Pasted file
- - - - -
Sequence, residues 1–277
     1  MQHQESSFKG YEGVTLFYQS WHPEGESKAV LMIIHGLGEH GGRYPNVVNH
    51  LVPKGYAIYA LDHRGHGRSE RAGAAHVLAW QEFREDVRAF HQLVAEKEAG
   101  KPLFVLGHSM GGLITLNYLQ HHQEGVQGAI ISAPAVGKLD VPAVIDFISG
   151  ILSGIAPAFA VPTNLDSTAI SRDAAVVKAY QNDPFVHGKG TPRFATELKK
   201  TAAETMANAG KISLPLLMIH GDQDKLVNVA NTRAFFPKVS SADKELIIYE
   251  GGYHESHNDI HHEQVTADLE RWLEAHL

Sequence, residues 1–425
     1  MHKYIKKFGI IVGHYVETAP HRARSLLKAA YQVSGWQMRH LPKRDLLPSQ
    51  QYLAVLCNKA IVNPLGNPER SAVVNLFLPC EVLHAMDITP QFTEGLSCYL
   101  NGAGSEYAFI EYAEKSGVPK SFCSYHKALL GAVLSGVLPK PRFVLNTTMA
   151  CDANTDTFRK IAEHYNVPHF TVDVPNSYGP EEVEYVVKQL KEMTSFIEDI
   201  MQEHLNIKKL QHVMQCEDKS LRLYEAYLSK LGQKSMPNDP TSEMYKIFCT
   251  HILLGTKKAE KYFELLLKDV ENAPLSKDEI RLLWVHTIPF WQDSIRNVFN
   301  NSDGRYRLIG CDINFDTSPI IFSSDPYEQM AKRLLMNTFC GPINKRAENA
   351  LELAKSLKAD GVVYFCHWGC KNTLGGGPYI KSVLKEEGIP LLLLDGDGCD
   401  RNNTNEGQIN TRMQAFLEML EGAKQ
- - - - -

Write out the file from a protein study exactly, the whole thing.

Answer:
Sequence, residues 1–277
     1  MQHQESSFKG YEGVTLFYQS WHPEGESKAV LMIIHGLGEH GGRYPNVVNH
    51  LVPKGYAIYA LDHRGHGRSE RAGAAHVLAW QEFREDVRAF HQLVAEKEAG
   101  KPLFVLGHSM GGLITLNYLQ HHQEGVQGAI ISAPAVGKLD VPAVIDFISG
   151  ILSGIAPAFA VPTNLDSTAI SRDAAVVKAY QNDPFVHGKG TPRFATELKK
   201  TAAETMANAG KISLPLLMIH GDQDKLVNVA NTRAFFPKVS SADKELIIYE
   251  GGYHESHNDI HHEQVTADLE RWLEAHL

Sequence, residues 1–425
     1  MHKYIKKFGI IVGHYVETAP HRARSLLKAA YQVSGWQMRH LPKRDLLPSQ
    51  QYLAVLCNKA IVNPLGNPER SAVVNLFLPC EVLHAMDITP QFTEGLSCYL
   101  NGAGSEYAFI EYAEKSGVPK SFCSYHKALL GAVLSGVLPK PRFVLNTTMA
   151  CDANTDTFRK IAEHYNVPHF TVDVPNSYGP EEVEYVVKQL KEMTSFIEDI
   201  MQEHLNIKKL QHVMQCEDKS LRLYEAYLSK LGQKSMPNDP TSEMYKIFCT
   251  HILLGTKKAE KYFELLLKDV ENAPLSKDEI RLLWVHTIPF WQDSIRNVFN
   301  NSDGRYRLIG CDINFDTSPI IFSSDPYEQM AKRLLMNTFC GPINKRAENA
   351  LELAKSLKAD GVVYFCHWGC KNTLGGGPYI KSVLKEEGIP LLLLDGDGCD
   401  RNNTNEGQIN TRMQAFLEML EGAKQ